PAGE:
History revived in plan for South East tourism
Holographic exhibits in the reopened home of a famous bush poet are at the centre of a new regional accommodation plan including ‘glamping’ tents at Port MacDonnell.
Each glamping campsite will have a corresponding Adam Lindsay Gordon poem. Picture: Supplied
The redevelopment of Dingley Dell Conservation Park promises a boost for tourism in the region, with the holiday home of poet and horseman Adam Lindsay Gordon reopened for the first time in years.
Steve Moignard operates the popular Coonawarra Bush Holiday Park with his wife Qin, and said the new venture at Dingley Dell will see one of South Australia’s little-known historical treasures revitalised.
Adam Lindsay Gordon’s cottage in 1935. Picture: Supplied
The pair have secured a lease with the state government, which bought the property in 1922 to protect the cultural heritage value of the cottage once owned by poet and horseman Adam Lindsay Gordon.
Gordon lived in the cottage from 1864-66. He died in 1870.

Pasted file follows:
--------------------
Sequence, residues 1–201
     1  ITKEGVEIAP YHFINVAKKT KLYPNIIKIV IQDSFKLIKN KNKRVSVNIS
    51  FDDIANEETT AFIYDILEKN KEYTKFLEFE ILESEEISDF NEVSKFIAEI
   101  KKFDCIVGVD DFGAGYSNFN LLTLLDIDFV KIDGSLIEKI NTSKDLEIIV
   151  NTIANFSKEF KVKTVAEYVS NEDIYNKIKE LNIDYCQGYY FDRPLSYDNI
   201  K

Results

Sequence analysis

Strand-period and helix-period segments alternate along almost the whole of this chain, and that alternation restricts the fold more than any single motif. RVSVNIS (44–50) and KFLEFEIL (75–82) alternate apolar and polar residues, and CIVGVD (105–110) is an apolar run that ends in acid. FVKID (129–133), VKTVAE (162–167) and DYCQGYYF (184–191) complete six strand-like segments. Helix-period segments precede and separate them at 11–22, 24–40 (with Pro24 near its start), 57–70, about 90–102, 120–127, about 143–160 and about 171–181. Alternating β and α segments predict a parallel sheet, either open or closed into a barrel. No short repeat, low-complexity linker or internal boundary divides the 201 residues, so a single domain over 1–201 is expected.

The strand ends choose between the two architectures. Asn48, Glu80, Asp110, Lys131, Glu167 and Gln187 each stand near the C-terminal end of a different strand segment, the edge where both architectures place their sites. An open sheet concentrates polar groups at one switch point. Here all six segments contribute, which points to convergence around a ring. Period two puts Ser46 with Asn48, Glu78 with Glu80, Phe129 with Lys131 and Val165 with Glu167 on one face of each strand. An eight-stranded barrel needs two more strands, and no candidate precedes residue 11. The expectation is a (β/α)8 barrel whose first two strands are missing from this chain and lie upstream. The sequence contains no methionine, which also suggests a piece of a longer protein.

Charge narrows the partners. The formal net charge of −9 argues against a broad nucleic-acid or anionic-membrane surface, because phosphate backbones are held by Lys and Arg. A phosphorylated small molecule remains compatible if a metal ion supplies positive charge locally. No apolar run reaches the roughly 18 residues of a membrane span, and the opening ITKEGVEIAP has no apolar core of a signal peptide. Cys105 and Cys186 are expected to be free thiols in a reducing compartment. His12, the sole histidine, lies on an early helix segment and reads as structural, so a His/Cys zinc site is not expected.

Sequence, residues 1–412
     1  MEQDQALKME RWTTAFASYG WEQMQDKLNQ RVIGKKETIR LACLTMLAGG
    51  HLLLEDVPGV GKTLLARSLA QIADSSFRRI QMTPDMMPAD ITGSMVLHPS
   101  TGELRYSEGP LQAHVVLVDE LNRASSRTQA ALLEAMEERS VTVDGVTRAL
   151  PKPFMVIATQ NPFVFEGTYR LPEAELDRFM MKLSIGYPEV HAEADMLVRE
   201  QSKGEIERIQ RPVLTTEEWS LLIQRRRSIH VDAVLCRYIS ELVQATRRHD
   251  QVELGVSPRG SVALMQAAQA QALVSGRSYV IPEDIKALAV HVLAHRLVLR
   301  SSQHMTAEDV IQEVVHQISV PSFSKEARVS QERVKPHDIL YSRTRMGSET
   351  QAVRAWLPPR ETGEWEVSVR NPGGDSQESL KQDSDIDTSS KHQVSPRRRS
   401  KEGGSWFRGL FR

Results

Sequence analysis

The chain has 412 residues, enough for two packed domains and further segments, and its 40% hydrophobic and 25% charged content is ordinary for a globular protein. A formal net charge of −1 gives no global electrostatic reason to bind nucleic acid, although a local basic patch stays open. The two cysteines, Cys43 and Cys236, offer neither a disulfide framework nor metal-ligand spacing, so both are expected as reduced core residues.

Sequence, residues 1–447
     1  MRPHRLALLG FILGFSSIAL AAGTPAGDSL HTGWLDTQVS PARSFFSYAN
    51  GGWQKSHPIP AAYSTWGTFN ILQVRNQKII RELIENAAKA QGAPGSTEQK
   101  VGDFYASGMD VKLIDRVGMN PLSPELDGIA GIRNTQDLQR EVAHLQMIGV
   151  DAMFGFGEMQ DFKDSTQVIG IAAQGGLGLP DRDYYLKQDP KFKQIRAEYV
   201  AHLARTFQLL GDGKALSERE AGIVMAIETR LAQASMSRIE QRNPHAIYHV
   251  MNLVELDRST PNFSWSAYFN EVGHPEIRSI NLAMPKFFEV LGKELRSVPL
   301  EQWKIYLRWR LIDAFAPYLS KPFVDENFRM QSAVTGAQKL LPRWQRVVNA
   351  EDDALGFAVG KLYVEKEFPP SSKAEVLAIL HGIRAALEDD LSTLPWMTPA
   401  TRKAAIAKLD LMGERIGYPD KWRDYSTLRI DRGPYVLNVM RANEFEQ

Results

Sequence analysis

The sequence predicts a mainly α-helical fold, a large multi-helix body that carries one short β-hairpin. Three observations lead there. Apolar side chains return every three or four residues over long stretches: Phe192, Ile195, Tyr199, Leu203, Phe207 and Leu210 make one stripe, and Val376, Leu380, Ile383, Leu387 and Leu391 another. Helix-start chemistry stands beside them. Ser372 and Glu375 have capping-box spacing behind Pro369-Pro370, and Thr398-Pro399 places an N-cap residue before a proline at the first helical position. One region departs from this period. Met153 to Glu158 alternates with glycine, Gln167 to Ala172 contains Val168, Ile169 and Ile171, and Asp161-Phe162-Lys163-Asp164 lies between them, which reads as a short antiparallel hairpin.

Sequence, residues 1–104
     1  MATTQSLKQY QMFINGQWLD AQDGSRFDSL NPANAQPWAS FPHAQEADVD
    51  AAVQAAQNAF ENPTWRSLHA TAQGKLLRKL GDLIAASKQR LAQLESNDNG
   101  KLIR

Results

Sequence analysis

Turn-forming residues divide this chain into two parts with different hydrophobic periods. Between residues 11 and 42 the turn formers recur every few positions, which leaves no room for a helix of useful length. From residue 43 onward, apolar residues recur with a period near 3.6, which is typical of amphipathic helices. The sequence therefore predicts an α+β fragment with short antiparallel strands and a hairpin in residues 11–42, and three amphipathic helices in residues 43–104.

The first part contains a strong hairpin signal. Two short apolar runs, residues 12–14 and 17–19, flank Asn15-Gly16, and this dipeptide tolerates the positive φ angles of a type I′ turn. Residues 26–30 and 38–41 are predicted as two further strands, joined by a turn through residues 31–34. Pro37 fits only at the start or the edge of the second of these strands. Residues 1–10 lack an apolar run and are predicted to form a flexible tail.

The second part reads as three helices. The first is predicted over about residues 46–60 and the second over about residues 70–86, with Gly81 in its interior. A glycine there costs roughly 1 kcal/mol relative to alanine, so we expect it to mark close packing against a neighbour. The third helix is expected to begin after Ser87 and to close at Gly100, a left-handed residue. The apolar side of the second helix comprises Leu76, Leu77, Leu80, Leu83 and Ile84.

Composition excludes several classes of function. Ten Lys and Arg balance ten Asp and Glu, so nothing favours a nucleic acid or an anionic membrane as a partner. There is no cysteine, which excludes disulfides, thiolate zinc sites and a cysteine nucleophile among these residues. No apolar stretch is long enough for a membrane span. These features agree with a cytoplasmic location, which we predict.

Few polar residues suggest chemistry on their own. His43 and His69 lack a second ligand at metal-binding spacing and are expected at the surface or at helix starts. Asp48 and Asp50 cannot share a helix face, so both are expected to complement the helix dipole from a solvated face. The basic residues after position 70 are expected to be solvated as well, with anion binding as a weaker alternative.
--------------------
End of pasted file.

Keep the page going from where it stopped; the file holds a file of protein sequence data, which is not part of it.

Dingley Dell has been closed since the previous caretaker retired in 2018.
“It hasn’t been open for three years, there’s nothing there, the toilets are locked and everything’s just wearing out, the connection is significant, and it’s fading away,” Moignard said.
“Inside the museum we’re putting in holographic displays and having his poetry being read to music.”
The development slated for completion mid-next year will see 80 beds opened up for tourists in the region with solar-powered glamping tents offering visitors an invigorating night out bush, while still offering modern amenities.
“Cultural events are going to be held there – we’ll have literary events that celebrate early literature, music events, local produce events, even big festivals and things like that are all on the cards,” Moignard said.
The proposed layout of glamping camp sites in the redeveloped Dingley Conservation Park. Picture: Supplied
As well as the 18 standard glamping tents, Dingley Dell will also feature two premium hexagonal bubbles with windows which span 360 degrees.
Each glamping location will also be matched with an Adam Lindsay Gordon poem.
“With 20 tents you’d expect over the course of a year to bring in around 4000 to 6000 visitors depending on occupancy levels,” he said.
The revamped destination will employ two full-time caretakers and fourteen-part time workers with the total cost of the project expected to total $1.5 million including a $250,000 state government grant.